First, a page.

Imazaquin (such as in Image Nutsedge Killer) can be applied safely to bermudagrass, St. Augustinegrass, centipedegrass, and zoysiagrass, but do not apply to tall fescue. Apply imazaquin in the late spring (after spring green-up) when weeds are small. A second application can be made in six weeks after the initial application. Do not apply to newly planted, plugged, or sodded turfgrass.
Since both atrazine and imazaquin can travel through soil and enter groundwater, please read the label for all environmental precautions. Users are advised not to apply atrazine or imazaquin to sand or loamy sand soils where the water table (groundwater) is close to the surface and where these soils are very permeable, i.e., well-drained.
The herbicide mix of thiencarbazone, iodosulfuron, and dicamba, as found in Celsius WG Herbicide, is selective to control many broadleaf weeds and several grass weeds in all four of the common warm-season grasses. It cannot be used on fescue lawns but can be used to remove fescue from warm-season lawns. Apply when dollarweed is actively growing and again 2 to 4 weeks later. The addition of a non-ionic surfactant (such as Southern Ag Surfactant for Herbicides, Hi-Yield Spreader Sticker, or Bonide Turbo Spreader Sticker) will increase control (see Table 1).
Once dollarweed has been eliminated in areas of the turf, bare spots will be left behind. To prevent the invasion of new weeds in these bare spots fill them with plugs or sprigs of the desired turfgrass. Fertilize the lawn based on soil report recommendations.
Table 1. Turf Tolerance to Herbicides for Dollarweed Control.
|Herbicide||Bermudagrass||Centipedegrass||St. Augustinegrass||Tall Fescue||Zoysiagrass|
|(3- way) 2,4-D + MCPP + dicamba||S||I||I||S||S|
|S=Safe at labeled rates
I= Intermediate safety, use at reduced rates
NR= Not registered for use on and/or damages this turfgrass
D = Fully dormant turf only. However, with the milder SC winters of recent years, bermudagrass lawns have not become fully dormant.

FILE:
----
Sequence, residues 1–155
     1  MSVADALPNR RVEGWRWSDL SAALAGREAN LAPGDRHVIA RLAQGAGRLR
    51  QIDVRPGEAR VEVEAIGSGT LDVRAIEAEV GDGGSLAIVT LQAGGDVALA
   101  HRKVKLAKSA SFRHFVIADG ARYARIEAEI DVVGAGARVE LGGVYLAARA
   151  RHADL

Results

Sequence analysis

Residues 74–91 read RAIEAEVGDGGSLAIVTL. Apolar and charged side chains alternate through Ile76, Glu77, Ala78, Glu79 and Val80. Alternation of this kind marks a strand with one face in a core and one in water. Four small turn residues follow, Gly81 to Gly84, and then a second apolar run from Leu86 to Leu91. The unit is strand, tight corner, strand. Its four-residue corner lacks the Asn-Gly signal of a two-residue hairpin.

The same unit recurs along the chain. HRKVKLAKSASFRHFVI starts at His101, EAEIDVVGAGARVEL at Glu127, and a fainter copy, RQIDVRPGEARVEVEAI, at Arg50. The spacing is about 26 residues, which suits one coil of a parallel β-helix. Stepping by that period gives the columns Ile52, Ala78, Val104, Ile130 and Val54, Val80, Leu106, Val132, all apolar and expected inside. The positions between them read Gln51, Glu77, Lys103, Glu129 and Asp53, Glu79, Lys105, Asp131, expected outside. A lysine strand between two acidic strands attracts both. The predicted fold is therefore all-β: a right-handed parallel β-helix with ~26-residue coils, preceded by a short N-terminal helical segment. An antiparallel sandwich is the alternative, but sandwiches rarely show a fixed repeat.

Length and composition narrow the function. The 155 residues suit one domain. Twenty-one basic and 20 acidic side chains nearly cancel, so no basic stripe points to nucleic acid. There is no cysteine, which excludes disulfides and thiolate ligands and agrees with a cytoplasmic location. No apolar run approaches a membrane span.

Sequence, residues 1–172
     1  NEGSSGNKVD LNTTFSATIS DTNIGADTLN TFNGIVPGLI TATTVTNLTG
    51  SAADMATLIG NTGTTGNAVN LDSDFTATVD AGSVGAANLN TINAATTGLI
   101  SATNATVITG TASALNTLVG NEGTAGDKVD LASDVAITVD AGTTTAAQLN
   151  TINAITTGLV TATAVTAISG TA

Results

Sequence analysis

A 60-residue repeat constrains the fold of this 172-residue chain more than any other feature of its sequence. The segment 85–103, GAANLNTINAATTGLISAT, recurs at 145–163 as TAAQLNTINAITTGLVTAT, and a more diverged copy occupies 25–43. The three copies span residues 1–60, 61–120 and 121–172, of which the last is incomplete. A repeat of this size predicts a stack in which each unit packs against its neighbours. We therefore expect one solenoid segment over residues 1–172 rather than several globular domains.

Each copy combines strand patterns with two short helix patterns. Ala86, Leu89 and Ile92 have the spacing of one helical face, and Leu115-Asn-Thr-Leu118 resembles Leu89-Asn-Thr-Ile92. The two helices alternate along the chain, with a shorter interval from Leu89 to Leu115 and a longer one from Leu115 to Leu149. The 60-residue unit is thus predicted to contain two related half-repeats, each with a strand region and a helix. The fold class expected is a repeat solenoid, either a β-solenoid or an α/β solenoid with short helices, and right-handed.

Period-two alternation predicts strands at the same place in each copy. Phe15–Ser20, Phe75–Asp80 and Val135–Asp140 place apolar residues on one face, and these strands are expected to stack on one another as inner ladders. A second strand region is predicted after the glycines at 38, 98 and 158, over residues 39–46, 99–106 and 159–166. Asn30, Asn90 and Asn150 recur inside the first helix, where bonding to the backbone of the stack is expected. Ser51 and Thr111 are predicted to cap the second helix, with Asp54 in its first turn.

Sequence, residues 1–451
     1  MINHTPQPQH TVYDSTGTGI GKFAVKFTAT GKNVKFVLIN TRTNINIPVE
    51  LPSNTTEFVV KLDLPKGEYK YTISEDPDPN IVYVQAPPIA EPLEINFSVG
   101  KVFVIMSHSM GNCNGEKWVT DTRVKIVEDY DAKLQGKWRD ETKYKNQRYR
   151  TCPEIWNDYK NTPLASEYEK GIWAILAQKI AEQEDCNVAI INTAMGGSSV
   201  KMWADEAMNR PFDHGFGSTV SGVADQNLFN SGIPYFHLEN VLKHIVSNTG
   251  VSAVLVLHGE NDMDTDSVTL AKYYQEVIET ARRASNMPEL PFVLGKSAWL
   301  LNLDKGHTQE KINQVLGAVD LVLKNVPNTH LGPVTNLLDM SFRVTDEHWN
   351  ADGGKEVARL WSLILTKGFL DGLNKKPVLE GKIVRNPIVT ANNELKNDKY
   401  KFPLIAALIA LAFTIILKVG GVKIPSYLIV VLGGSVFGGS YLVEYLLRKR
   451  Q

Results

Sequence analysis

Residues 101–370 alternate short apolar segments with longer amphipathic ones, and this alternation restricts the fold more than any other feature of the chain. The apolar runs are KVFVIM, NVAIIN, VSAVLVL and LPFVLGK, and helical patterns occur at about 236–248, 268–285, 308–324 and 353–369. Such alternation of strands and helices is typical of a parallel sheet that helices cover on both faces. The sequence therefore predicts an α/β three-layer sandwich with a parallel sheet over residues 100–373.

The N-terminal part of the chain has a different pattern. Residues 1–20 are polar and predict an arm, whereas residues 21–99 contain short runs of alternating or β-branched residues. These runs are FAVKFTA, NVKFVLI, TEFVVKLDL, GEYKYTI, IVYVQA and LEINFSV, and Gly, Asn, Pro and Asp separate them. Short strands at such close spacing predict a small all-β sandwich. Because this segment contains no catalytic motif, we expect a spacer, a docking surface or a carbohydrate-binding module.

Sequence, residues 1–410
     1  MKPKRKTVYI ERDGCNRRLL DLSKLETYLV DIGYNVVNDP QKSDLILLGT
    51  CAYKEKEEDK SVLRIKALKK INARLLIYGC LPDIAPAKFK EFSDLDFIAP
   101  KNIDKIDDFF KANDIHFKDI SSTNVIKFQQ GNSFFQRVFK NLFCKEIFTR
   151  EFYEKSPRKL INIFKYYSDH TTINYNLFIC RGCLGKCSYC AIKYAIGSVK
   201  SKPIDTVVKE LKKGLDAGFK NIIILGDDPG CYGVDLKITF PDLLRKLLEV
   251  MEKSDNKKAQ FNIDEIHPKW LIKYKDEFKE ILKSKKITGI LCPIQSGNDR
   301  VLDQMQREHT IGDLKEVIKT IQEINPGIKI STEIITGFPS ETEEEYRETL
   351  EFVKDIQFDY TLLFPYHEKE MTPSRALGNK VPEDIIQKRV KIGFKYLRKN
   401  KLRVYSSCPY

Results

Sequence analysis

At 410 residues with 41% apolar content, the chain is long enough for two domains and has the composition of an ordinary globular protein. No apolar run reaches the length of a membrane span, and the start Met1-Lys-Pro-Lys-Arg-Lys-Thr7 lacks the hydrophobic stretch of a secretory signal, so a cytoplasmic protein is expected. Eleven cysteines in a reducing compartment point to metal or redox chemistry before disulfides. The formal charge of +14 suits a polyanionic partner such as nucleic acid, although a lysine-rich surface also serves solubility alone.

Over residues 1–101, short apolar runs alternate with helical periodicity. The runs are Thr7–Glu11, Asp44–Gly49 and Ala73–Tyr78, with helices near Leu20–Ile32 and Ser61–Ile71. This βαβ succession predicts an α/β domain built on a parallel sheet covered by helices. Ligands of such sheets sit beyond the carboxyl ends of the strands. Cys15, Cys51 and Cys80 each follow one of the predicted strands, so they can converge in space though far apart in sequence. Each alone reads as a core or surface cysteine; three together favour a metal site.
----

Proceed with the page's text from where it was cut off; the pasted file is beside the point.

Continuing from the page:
Note: Do not apply postemergence herbicides, except Celsius WG Herbicide, to lawns during the spring green-up of turfgrass.
1 This mix of active ingredients requires the addition of 2 teaspoons of a non-ionic surfactant (that is, a wetter-sticker agent to aid in weed control at 0.25% by volume) per gallon of water, such as Hi-Yield Spreader Sticker, Southern Ag Surfactant for Herbicides, or Bonide Turbo Spreader Sticker.
2 Spot treatments to St. Augustinegrass at temperatures above 90 degrees may cause temporary growth regulation.
Landscape Beds: In landscape beds, dollarweed can be hand dug or controlled with an herbicide. Dollarweed is a perennial weed that can emerge from seeds, tubers, and rhizomes. Once dollarweed has made its way into the landscape bed, an herbicide may be necessary if hand pulling is not practical.
Glyphosate can be used for spot treatments around ornamental plants. Glyphosate is a non-selective herbicide that should be used with caution. Spray with a 3% Glyphosate solution in a pump-up sprayer for dollarweed control. Follow label directions for mixing and use. Do not allow glyphosate spray mist to contact ornamental foliage or stems, as severe injury will occur. A cardboard shield may be used to prevent glyphosate spray from drifting to nearby ornamentals. Examples of products containing glyphosate in homeowner sizes are:
- Roundup Original Concentrate,
- Roundup Pro Herbicide,
- Martin’s Eraser Systemic Weed & Grass Killer,
- Quick Kill Grass & Weed Killer,
- Bonide Kleenup Weed & Grass Killer 41% Super Concentrate,
- Hi-Yield Super Concentrate,
- Maxide Super Concentrate 41% Weed & Grass Killer,
- Super Concentrate Killzall Weed & Grass Killer,
- Tiger Brand Quick Kill Concentrate,
- Ultra Kill Weed & Grass Killer Concentrate,
- Gordon’s Groundwork Concentrate 50% Super Weed & Grass Killer,
- Zep Enforcer Weed Defeat III,
- Eliminator Weed & Grass Killer Super Concentrate,
- Monterey Remuda Full Strength 41% Glyphosate,
- Knock Out Weed & Grass Killer Super Concentrate,
- Southern States Grass & Weed Killer Concentrate II,
- Total Kill Pro Weed & Grass Killer Herbicide,
- Ace Concentrate Weed & Grass Killer.
Imazaquin (as in Image Nutsedge Killer) is a selective herbicide that can be applied safely around certain landscape plants; see product label for a listing of the tolerant plant materials. Imazaquin should not be applied around the root zones of plants that are not on the product label. It is best to apply imazaquin when weeds are small in spring. A second application can be applied six weeks later if necessary.
Glyphosate and imazaquin are both more effective when weeds are actively growing and may not work as well if applied under drought conditions. As with all pesticides, read and follow all label instructions and precautions.
Pesticides are updated annually. Last updates were done on 7/21 by Joey Williamson.
Originally published 11/08